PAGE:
Uniden BCD396XT non-standard “USB” cable and a source of connectors.

I’ve been modifying radios, scanners, and mobile phones for years. I’ve learned from experience that these industries are total bastards when it comes to connectors and pinouts. More often than not, the connector on any mobile device, including phones, is some proprietary one-off thing, even when the protocol is almost invariably serial. This goes double for scanners, communications receivers, and pagers. Hell, even GPS units have bizarro connectors. Connectors so badly designed and outrageously expensive that most people just made their own.

These are the sorts of things that are only justifiable to businessmen — Yes! make a one-of-a-kind undocumented connector, and then charge loads of money for cables and connectors, because we’re the only source! You can almost hear them laughing all the way to the bank extinction.

I recently acquired a Uniden Bearcat BCD396XT, which is a remarkable radio. The most salient feature of this radio is its ability to decode APCO25-standard broadcasts, which now comprise the majority of public service frequencies like police, fire, etc. But this radio goes a step further, allowing connection to a GPS (for “location based scanning”, a funny thing for a radio device, when radio was invented to overcome problems of distance) or to a computer for complete control. Problem is, the connector of interest is wacky.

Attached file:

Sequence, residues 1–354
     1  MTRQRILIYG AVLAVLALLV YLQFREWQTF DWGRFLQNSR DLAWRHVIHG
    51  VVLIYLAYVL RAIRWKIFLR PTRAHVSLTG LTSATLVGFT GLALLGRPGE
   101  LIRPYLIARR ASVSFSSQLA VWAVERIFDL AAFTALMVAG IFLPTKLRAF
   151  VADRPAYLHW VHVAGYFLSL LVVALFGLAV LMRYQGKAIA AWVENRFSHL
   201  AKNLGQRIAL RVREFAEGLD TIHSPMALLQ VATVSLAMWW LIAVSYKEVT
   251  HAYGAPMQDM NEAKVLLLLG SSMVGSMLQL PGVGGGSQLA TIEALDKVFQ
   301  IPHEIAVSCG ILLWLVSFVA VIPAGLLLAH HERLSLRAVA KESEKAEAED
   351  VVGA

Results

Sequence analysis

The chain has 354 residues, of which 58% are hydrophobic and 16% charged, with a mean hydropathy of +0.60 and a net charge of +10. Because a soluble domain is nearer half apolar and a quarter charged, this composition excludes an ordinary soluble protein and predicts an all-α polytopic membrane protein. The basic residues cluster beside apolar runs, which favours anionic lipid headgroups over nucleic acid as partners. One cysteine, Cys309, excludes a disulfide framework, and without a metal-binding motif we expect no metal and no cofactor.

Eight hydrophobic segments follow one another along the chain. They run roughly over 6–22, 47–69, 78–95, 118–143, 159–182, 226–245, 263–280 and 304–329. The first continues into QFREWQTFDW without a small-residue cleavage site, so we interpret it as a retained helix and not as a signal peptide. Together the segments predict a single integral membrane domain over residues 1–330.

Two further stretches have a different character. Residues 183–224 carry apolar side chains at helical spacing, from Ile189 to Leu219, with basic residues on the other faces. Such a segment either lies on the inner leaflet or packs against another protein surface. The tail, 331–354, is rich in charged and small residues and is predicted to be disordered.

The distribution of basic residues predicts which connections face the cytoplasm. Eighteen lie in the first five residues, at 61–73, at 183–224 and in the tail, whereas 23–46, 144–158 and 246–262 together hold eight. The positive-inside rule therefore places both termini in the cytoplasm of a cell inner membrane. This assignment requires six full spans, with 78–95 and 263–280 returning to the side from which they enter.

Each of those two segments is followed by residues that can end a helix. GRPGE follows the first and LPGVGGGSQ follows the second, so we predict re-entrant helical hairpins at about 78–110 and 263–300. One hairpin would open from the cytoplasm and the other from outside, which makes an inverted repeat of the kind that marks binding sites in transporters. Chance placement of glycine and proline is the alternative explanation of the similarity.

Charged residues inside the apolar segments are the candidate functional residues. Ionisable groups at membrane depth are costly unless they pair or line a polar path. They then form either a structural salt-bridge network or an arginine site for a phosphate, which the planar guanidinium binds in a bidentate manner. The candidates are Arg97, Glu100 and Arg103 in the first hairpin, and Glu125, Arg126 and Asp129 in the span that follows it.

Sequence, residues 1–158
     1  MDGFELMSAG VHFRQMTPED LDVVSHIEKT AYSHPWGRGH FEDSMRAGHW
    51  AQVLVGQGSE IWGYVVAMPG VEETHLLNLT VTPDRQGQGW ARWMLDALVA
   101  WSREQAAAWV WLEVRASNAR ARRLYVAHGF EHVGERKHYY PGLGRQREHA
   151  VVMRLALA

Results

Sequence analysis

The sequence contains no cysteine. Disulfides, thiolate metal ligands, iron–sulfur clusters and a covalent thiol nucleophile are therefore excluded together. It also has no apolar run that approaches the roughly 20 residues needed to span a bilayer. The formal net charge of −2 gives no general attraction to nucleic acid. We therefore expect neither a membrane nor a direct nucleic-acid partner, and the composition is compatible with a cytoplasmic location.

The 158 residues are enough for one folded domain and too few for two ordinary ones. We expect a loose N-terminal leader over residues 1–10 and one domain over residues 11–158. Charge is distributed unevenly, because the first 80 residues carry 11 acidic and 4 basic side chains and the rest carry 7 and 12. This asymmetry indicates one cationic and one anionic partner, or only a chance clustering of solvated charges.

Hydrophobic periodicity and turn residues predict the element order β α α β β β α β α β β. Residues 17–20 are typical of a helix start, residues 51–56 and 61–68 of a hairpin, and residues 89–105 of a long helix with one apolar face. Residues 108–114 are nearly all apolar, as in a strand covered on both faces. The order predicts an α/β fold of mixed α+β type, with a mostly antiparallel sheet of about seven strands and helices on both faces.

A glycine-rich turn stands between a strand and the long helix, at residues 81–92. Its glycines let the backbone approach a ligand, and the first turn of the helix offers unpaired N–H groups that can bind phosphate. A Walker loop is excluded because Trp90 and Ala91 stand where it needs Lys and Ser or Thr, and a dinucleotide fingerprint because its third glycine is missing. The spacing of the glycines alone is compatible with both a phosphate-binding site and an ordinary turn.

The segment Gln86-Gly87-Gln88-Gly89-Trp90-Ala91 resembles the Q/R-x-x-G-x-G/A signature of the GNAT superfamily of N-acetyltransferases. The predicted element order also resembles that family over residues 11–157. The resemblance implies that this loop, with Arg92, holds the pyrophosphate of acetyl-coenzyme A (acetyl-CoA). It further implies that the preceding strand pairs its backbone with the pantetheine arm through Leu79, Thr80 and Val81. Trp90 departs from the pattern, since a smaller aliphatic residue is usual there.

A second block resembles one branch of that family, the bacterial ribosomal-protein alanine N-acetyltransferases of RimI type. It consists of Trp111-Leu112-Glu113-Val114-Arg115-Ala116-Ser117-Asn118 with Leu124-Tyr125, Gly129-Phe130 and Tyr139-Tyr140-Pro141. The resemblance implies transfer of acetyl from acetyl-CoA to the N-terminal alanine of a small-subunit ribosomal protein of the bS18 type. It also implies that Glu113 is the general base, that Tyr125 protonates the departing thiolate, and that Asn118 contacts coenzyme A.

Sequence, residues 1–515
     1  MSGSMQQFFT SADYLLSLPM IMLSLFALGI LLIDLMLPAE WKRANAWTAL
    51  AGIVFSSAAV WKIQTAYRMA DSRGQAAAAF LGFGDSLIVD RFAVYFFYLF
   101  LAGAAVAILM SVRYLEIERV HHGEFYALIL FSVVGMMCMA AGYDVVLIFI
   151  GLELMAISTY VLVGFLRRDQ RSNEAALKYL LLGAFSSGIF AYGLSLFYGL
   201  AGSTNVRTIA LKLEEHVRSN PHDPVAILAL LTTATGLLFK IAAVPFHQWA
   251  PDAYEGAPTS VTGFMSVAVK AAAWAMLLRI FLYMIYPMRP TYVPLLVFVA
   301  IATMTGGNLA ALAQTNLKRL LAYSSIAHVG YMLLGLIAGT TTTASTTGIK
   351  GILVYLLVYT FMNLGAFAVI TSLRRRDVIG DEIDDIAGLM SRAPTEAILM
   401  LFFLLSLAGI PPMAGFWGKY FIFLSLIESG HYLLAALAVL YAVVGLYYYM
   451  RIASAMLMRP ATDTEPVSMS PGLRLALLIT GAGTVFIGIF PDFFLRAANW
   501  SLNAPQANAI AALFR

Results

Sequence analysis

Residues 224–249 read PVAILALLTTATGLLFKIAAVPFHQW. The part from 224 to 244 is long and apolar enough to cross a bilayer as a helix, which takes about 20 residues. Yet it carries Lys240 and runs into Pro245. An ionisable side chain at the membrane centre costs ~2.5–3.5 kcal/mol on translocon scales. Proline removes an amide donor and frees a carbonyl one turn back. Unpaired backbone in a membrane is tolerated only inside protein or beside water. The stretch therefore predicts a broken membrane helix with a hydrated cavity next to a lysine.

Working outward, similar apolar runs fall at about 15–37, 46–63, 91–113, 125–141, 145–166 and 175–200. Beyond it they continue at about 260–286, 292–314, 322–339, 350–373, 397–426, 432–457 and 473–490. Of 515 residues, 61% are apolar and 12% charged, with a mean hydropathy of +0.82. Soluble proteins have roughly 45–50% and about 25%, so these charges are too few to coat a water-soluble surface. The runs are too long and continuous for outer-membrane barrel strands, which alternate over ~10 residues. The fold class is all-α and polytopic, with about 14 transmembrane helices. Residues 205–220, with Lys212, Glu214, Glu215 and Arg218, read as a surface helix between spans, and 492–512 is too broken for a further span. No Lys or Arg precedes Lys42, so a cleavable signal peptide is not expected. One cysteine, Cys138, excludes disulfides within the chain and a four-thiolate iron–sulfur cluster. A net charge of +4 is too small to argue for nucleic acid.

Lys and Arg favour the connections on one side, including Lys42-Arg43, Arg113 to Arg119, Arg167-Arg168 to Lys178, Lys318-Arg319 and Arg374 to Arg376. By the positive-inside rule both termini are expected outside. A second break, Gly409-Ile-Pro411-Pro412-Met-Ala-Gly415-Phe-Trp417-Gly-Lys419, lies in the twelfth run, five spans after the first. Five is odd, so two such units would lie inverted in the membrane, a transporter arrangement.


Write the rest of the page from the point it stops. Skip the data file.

This connector, though it kinda resembles USB connectors, does not transport a USB signal. It is a plain old serial connection. Why they chose to use this connector is beyond me. However, as a hacker, I want access to those pins. I could just open the radio and solder to the board, but it’s more elegant and flexible to find the connectors themselves. After taking some detailed photographs, and searching around a bit, I was able to find a replacement.

Detailed photographs:

Items on eBay — they can be had for about a dollar each, with shipping — a hell of a lot cheaper than the $20 asking price for the standard serial cable. The magic search words turned out to be “4 pin mini USB cable” (most are 5 pin, these 4 pin models appear on a few odd digital cameras and MP3 players).

Please note, these cables are only good for the connectors on the end. Plugging the radio into a USB port without a proper USB adapter is asking for pain.

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